One example of the commercial exploitation of this accurate data is via the creation of topographical maps. The first data provided by the satellites has already been used for crisis management in response to the eruption of the Indonesian volcano Mount Merapi, by predicting the movement of lava flow. Due to this it was possible to evacuate affected areas in time.

Share This Article With Planet Earth DiggDigg RedditReddit
YahooMyWebYahooMyWeb GoogleGoogle FacebookFacebook

Related Links
Earth Observation News - Suppiliers, Technology and Application

Memory Foam Mattress Review
Newsletters :: SpaceDaily :: SpaceWar :: TerraDaily :: Energy Daily
XML Feeds :: Space News :: Earth News :: War News :: Solar Energy News

Mexico Quake Studies Uncover Surprises For California
Pasadena CA (SPX) Dec 21, 2010
New technologies developed by NASA and other agencies are revealing surprising insights into a major earthquake that rocked parts of the American Southwest and Mexico in April, including increased potential for more large earthquakes in Southern California. At the fall meeting of the American Geophysical Union in San Francisco, scientists from NASA and other agencies presented the latest r ... read more

Ever-Sharp Urchin Teeth May Yield Tools That Never Need Honing

Tablet computers come of age with iPad mania

New Kindle becomes Amazon's all-time best seller

Chilean airline opts for secure upgrade

IBCS Completes Warfighter-Centered Design Exercises

Arianespace Will Orbit Sicral 2 Milcomms Satellites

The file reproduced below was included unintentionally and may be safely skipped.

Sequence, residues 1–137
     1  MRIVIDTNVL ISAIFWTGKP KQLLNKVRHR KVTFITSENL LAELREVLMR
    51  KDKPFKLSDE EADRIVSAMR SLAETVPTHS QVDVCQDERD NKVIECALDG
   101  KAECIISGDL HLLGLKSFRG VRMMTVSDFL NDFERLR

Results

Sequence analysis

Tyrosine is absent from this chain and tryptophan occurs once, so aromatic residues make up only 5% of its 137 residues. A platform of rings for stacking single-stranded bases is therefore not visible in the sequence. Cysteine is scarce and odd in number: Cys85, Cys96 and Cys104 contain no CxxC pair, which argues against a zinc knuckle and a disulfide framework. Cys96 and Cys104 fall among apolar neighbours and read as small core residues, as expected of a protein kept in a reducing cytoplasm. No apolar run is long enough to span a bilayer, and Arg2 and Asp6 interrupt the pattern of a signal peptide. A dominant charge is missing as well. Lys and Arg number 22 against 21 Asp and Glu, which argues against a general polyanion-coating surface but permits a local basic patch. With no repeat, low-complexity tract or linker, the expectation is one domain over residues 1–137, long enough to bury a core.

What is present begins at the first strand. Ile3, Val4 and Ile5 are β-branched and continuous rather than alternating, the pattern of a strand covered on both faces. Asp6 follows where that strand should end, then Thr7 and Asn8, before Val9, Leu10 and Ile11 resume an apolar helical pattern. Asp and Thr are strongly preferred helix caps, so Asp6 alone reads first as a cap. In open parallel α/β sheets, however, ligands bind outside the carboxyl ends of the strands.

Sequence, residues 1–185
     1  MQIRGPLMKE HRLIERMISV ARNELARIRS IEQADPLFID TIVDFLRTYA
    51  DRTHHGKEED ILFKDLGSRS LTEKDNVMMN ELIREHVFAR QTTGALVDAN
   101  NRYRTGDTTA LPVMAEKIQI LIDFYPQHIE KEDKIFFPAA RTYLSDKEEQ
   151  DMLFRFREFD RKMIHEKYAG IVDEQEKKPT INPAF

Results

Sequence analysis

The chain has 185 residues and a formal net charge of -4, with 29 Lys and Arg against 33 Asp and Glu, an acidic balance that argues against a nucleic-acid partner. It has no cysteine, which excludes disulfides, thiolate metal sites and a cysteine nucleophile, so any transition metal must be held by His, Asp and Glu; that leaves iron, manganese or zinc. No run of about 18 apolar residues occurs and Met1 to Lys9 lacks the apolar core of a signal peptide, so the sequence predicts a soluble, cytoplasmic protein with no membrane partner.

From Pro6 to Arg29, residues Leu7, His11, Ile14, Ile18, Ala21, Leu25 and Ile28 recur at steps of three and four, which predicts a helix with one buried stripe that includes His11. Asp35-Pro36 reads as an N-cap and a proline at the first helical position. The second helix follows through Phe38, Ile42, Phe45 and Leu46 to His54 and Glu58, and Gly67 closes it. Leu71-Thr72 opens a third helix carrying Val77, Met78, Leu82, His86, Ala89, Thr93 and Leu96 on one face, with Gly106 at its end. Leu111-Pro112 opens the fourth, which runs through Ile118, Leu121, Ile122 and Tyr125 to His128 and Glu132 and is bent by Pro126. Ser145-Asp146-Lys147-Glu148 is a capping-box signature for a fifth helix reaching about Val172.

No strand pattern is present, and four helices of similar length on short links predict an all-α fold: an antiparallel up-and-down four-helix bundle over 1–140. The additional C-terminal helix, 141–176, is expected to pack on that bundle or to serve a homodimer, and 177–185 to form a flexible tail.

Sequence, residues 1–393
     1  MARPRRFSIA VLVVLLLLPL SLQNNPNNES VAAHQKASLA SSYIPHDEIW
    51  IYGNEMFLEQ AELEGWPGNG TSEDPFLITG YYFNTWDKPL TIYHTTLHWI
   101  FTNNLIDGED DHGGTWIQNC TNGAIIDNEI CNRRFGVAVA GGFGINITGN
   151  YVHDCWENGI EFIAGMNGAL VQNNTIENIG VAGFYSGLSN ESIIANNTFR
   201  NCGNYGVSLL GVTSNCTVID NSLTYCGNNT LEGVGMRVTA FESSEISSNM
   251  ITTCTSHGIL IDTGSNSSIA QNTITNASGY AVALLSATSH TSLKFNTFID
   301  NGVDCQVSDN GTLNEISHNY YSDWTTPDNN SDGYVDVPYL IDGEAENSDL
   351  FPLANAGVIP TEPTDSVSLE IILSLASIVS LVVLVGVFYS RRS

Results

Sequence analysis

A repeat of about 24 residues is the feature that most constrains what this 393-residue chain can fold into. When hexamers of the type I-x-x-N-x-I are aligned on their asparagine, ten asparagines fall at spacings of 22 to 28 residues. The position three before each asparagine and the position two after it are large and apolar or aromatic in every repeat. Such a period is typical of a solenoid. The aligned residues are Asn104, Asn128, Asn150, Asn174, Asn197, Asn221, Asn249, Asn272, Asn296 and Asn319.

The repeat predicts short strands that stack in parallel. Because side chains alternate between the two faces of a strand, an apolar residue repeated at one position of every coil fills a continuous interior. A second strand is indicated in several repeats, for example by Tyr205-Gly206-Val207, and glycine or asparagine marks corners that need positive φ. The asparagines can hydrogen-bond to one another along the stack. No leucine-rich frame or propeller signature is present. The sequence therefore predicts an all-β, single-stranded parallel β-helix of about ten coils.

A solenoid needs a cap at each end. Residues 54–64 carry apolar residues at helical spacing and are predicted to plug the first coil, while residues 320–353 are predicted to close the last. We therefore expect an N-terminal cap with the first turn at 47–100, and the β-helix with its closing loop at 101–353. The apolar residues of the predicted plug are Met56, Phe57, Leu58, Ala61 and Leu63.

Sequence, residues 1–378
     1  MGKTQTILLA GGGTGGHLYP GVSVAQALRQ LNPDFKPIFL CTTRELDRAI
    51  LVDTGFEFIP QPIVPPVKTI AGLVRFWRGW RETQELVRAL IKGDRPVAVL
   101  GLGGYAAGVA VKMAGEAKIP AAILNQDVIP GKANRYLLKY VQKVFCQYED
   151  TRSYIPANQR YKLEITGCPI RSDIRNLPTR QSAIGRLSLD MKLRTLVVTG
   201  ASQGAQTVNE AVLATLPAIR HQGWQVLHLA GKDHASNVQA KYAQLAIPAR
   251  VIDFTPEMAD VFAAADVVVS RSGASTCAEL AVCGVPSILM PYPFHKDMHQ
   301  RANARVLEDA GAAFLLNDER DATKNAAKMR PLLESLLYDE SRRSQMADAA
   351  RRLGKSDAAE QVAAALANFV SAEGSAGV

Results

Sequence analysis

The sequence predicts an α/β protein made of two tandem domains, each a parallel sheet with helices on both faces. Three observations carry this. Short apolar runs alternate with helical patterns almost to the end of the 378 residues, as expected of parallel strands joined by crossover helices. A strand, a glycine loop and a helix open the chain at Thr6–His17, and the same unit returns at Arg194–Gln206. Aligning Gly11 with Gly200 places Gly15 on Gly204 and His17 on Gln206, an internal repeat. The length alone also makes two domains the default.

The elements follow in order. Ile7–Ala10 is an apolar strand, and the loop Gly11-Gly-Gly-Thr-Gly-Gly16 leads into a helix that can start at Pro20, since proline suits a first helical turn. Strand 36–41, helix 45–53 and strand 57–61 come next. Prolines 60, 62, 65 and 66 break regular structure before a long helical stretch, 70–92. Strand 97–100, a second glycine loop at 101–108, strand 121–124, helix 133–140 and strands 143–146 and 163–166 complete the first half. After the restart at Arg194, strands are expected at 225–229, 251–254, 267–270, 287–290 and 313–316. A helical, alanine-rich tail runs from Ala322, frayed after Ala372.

Codan Receives JITC Certification For 2110 HF Manpack

Northrop Grumman Bids for Marine Corps Common Aviation CnC

ISRO Puts Off GSLV Launch

Arianespace To Launch ESA's First Sentinel Satellite

ISRO Set To Launch Heaviest Satellite For Telecom And TV

The Flight Of The Dragon

Launch Of New Russian Navigation Satellite Postponed To Next Year

Galileo's Navigation Control Hub Opens In Fucino

China Launches Seventh Orbiter For Indigenous Global SatNav System

Universal Address And GPS Enhanced Google Maps For iPhones

Russia starts probe as airport chaos sparks protests

Britain mulls law to fine airports after Heathrow chaos

China's Shandong Airlines to buy 15 Boeing planes

China opens skies to private air transport

Better Control Of Building Blocks For Quantum Computer

S.Korea's Hynix says chip price slump will hit Q4 profit

Iridium Memories

Making Wafers Faster By Making Features Smaller

ESA Unveils Latest Map Of World's Land Cover

TanDEM-X Ready For Routine Operations In 2011

Season's Greetings: NASA Views The Change Of Seasons

Mexico Quake Studies Uncover Surprises For California

Official suspected in attack on Russian activist: report

Long Lasting Chemicals Threaten The Environment And Human Health

Mozambique's war-hit Gorongosa park slowly recovers

Breakdown in defenses caused BP spill: NY Times probe

The content herein, unless otherwise known to be public domain, are Copyright 1995-2010 - SpaceDaily. AFP and UPI Wire Stories are copyright Agence France-Presse and United Press International. ESA Portal Reports are copyright European Space Agency. All NASA sourced material is public domain. Additional copyrights may apply in whole or part to other bona fide parties. Advertising does not imply endorsement,agreement or approval of any opinions, statements or information provided by SpaceDaily on any Web page published or hosted by SpaceDaily. Privacy Statement